I don't think there's a word in the English language to aptly describe how good Flashbelt 2007 was. 'Superfuntasticawespirational' comes close, but I'm not sure that it has been accepted into the Oxford dictionary yet. So, I suppose we'll have to rely on old stand-byes like 'fantastic' and 'exceptional'.
On Monday, Craig Swann started things off with a perfect mix of inspiration and technology, reminding us of the value of imagination and generally making everyone feel like they could do anything. After lunch, Wes Grubbs spoke about data visualization, with an emphasis on how meaning can be extracted from data. It was nice to see this topic covered from both a technical and philosophical stand-point. Following Wes, some fool blathered on about colours and pixels and economies, which gave the audience a chance to nap before Josh Davis. Josh reviewed a lot of the work from his impressive career, showing some old work mixed with new. Usefully, he directed us to workshop.joshuadavis.com, where he's open-sourcing all of his projects from the last decade or so. Kudos to Josh for taking on this task.
Because my underwear needed to dry, I missed Tuesday morning's sessions, but I made it to the venue on time to see Seb Lee-Delisle's presentation on particles. Seb's friendly nature comes across perfectly in his presentations, and helps his audience easily learn some fairly complex concepts. By the end of it, a lot of the people with laptops around me had their own particle systems working – not bad for 50 minutes! After Seb, Mario Klingemann took the stage and showed us where he's heading with his absolutely incredible Blind Sketchmaker project. Imagine a project that combines image recognition, learning systems, compositional generation and evolutionary computing – all in Flash!! I don't have enough space to describe this in enough detail in this post, so I'll be dedicating a whole post to Mario and his painting machine over the next couple of days.
There must be something good in the water over in Germany, because Andre Michelle's presentation on Wednesday was nothing short of awe-inspiring. Andre has developed a whole set of AS3 tools that allow him to generate audio signals right inside Flash – no loaded sounds required. He's used these tools to create sound generation tools of various kinds, including working simulations of old Roland drumcomputers like the TR909. Most interestingly, he has gotten involved with the folks over at Splice, where his AS3 sound genius has been put to work to create a live, free, community-enabled sound recording and mixing tool, running entirely in Flash! This thing is amazing. You can synthesize sounds, build tracks, apply filters & effects, and save out to MP3. And, because it's community-based, you can use and manipulate thousands of user-generated sound elements. This new tool will be launched in the next few days, and I will definitely write more about it then.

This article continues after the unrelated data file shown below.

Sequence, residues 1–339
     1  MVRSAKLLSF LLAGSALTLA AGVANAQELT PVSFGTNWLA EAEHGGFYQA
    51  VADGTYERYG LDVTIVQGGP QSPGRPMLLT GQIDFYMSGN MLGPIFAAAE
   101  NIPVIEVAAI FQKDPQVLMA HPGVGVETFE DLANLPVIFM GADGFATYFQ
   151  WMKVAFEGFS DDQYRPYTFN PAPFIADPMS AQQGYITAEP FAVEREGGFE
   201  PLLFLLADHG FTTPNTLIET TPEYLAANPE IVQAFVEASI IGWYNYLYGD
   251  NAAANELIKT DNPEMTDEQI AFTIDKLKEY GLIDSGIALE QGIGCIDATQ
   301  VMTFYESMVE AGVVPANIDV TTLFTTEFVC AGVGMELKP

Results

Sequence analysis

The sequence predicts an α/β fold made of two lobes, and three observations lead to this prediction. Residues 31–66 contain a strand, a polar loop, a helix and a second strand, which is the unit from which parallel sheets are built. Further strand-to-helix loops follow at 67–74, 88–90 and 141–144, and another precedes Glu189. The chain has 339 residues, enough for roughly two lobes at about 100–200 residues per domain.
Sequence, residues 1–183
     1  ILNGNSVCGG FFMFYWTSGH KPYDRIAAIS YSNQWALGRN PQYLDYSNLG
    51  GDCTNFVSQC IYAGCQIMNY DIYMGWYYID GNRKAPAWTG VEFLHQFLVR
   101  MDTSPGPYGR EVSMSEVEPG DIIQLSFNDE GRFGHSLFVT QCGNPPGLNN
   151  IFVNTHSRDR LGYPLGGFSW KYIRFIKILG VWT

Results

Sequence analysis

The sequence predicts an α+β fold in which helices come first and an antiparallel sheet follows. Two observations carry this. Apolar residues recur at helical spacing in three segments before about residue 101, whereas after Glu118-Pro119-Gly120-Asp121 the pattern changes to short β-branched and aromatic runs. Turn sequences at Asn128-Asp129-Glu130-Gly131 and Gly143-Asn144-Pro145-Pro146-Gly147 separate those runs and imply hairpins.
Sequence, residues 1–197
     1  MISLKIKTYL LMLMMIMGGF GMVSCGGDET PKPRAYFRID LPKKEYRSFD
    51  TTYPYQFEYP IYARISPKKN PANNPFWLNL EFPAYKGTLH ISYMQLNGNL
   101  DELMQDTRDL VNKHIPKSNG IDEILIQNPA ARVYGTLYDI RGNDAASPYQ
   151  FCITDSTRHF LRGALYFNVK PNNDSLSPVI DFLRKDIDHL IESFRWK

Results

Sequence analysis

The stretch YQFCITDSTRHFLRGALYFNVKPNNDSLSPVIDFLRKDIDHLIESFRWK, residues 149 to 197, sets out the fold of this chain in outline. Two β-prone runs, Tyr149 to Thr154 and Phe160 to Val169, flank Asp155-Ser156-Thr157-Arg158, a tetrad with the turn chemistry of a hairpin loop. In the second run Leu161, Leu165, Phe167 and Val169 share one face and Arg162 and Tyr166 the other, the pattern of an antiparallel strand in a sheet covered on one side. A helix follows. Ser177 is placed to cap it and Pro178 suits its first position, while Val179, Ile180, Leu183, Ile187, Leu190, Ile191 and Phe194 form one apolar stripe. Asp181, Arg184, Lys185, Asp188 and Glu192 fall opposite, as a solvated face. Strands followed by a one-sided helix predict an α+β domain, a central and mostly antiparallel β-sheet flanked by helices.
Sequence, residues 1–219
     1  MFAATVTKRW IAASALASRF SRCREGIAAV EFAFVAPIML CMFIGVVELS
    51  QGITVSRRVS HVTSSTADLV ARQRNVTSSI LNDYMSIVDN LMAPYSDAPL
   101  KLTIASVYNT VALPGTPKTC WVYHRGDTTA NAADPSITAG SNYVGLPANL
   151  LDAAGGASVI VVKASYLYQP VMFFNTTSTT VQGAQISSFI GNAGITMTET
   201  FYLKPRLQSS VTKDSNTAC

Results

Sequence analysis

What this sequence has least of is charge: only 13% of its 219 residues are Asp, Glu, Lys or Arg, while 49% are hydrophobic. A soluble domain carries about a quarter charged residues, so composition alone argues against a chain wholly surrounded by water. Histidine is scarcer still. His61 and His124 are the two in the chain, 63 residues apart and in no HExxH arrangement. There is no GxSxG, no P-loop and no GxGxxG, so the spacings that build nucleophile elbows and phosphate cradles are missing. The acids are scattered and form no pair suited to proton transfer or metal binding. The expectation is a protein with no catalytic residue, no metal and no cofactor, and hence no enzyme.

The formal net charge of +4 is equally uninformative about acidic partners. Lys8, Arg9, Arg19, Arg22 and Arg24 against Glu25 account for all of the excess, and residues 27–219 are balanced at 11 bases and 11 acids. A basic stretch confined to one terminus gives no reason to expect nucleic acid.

Jared Tarbell provided the perfect end to a great event with his now-famous Code Cosmos presentation. If there is a better way for people to get inspired by mathematics, algorithms, and generative art than being in Jared's audience, I'd sure like to hear about it. On a similar note, if there are any publishers reading this – this presentation really needs to be turned into a book – with all kinds of pretty pictures.
Considering how many great sessions I did manage to see, it's almost silly how many I missed. This is a small, three-day conference, but I was unfortunately not able to catch sessions with Julian Dolce, Geoff Stearns, Robert Reinhardt, Lisa Larson, Joey Lott, John Davey, Paul Ortchanian, and more! I need to get to work on that cloning machine.
So far I've talked only about the daytime events – possibly because the nighttime ones remain a little bit fuzzy. We spent two nights at The Best Bar in America, went bikeriding around the city, cooked s'mores, sang duets, and much more. Because Flashbelt is a small event, speakers, volunteers, and attendees got a chance to hang out together on many, many occasions.
I don't know when registration for Flashbelt08 starts, but you might want to reserve your seat now. As word of this year's event spreads, I have a sneaking suspicion that Minneapolis will be the place to be this time next year.